34

Our Docker images ship closed sources, we need to store them somewhere safe, using own private docker registry. We search the simplest way to deploy a private docker registry with a simple authentication layer.

I found :

I think use shipyard/docker-private-registry, but is there one another best way?

28

I'm still learning how to run and use Docker, consider this an idea:

# Run the registry on the server, allow only localhost connection
docker run -p 127.0.0.1:5000:5000 registry

# On the client, setup ssh tunneling
ssh -N -L 5000:localhost:5000 user@server

The registry is then accessible at localhost:5000, authentication is done through ssh that you probably already know and use.

Sources:

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  • Where can I read more about this? I want my registry to be available for some of our users, so I'm planning to run the registry on the EC2 instance with public ip address. I thought of some kind of auth proxy similar to one described here: engineering.opendns.com/2014/09/03/… - in this case I could just put all ports except proxy's 443 behind firewall and guarantee security. In case of ssh tunnel, do I need to keep running ssh server on 22 port? – Aleksei Petrenko Oct 21 '14 at 15:46
  • Does it mean that if user has access to ssh tunnel, the same user can do a normal ssh connection to my server and open terminal? – Aleksei Petrenko Oct 21 '14 at 15:53
  • The solution I gave is the simplest way to setup an authentication layer for a docker container. – Laurent Oct 21 '14 at 16:17
  • 3
    Any ssh documentation online should let you know more about tunnelling, ssh is mature and well covered online. You'll always need an ssh server to tunnel through ssh, restrictions should be configurable (askubuntu.com/questions/48129/…) It's really the simplest way to setup an authentication layer for a docker container. If you need complex restrictions rules, go for something more specific (nginx auth described here for example: activestate.com/blog/2014/01/…). – Laurent Oct 21 '14 at 16:27
14

You can also use an Nginx front-end with a Basic Auth and an SSL certificate.

Regarding the SSL certificate I have tried couple of hours to have a working self-signed certificate but Docker wasn't able to work with the registry. To solve this I have a free signed certificate which work perfectly. (I have used StartSSL but there are others). Also be careful when generating the certificate. If you want to have the registry running at the URL registry.damienroch.com, you must give this URL with the sub-domain otherwise it's not going to work.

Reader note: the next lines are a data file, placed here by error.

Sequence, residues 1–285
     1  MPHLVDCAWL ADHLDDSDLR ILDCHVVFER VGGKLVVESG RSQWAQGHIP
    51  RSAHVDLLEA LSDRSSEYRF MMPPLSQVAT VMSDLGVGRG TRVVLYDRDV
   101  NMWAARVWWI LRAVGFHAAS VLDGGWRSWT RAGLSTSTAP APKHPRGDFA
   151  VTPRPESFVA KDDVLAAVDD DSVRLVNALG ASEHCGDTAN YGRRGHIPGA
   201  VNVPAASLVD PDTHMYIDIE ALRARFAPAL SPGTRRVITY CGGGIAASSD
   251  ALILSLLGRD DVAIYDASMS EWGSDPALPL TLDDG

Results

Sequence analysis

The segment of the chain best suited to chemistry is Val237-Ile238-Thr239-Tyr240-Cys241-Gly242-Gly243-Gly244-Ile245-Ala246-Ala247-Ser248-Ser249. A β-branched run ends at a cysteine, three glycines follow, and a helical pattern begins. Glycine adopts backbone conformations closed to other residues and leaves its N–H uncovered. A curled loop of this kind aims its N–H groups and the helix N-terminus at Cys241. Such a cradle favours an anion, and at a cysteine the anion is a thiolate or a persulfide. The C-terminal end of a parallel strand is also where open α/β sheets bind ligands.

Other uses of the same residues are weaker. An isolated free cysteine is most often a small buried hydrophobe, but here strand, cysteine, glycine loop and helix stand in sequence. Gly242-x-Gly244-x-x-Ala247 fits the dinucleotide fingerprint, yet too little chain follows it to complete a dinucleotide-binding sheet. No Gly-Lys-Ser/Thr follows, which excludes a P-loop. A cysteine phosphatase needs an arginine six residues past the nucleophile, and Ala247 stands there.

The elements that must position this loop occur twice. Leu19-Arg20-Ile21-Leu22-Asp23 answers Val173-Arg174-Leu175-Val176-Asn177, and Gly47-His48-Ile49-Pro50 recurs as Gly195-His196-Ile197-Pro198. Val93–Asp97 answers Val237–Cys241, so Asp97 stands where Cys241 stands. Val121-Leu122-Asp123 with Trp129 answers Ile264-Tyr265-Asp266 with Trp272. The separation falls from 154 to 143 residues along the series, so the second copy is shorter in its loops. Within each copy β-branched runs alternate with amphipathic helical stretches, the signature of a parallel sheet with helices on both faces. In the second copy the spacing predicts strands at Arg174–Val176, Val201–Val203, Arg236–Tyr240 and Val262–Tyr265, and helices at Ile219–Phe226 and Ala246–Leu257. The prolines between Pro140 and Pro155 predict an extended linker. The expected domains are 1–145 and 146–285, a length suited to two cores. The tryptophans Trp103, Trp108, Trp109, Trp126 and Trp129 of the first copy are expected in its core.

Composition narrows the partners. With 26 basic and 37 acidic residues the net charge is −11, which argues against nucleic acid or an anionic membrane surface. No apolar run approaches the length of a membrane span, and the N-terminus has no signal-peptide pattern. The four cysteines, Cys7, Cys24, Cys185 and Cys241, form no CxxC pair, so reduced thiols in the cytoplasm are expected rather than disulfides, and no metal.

You can perform all this setup using Docker and my nginx-proxy image (See the README on Github: https://github.com/zedtux/nginx-proxy). This means that in the case you have installed nginx using the distribution package manager, you will replace it by a containerised nginx.

  1. Place your certificate (.crt and .key files) on your server in a folder (I'm using /etc/docker/nginx/ssl/ and the certificate names are private-registry.crt and private-registry.key)
  2. Generate a .htpasswd file and upload it on your server (I'm using /etc/docker/nginx/htpasswd/ and the filename is accounts.htpasswd)
  3. Create a folder where the images will be stored (I'm using /etc/docker/registry/)
  4. Using docker run my nginx-proxy image
  5. Run the docker registry with some environment variable that nginx-proxy will use to configure itself.

Here is an example of the commands to run for the previous steps:

sudo docker run -d --name nginx -p 80:80 -p 443:443 -v /etc/docker/nginx/ssl/:/etc/nginx/ssl/ -v /var/run/docker.sock:/tmp/docker.sock -v /etc/docker/nginx/htpasswd/:/etc/nginx/htpasswd/ zedtux/nginx-proxy:latest
sudo docker run -d --name registry -e VIRTUAL_HOST=registry.damienroch.com -e MAX_UPLOAD_SIZE=0 -e SSL_FILENAME=private-registry -e HTPASSWD_FILENAME=accounts -e DOCKER_REGISTRY=true -v /etc/docker/registry/data/:/tmp/registry registry

The first line starts nginx and the second one the registry. It's important to do it in this order.

When both are up and running you should be able to login with:

docker login https://registry.damienroch.com
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  • 4
    /etc/ is a bad idea to store images. You should rather try to use something in /var like /var/lib/docker/images! – Patrick Cornelissen Jan 3 '15 at 12:19
  • 4
    For anyone reading this answer, the original repo from which this was forked now supports basic authentication and per-host Nginx configurations. – L0j1k Apr 12 '15 at 10:04
1

I have create an almost ready to use but certainly ready to function setup for running a docker-registry: https://github.com/kwk/docker-registry-setup .

Maybe it helps.

Everything (Registry, Auth server, and LDAP server) is running in containers which makes parts replacable as soon as you're ready to. The setup is fully configured to make it easy to get started. There're even demo certificates for HTTPs but they should be replaced at some point.

If you don't want LDAP authentication but simple static authentication you can disable it in auth/config/config.yml and put in your own combination of usernames and hashed passwords.

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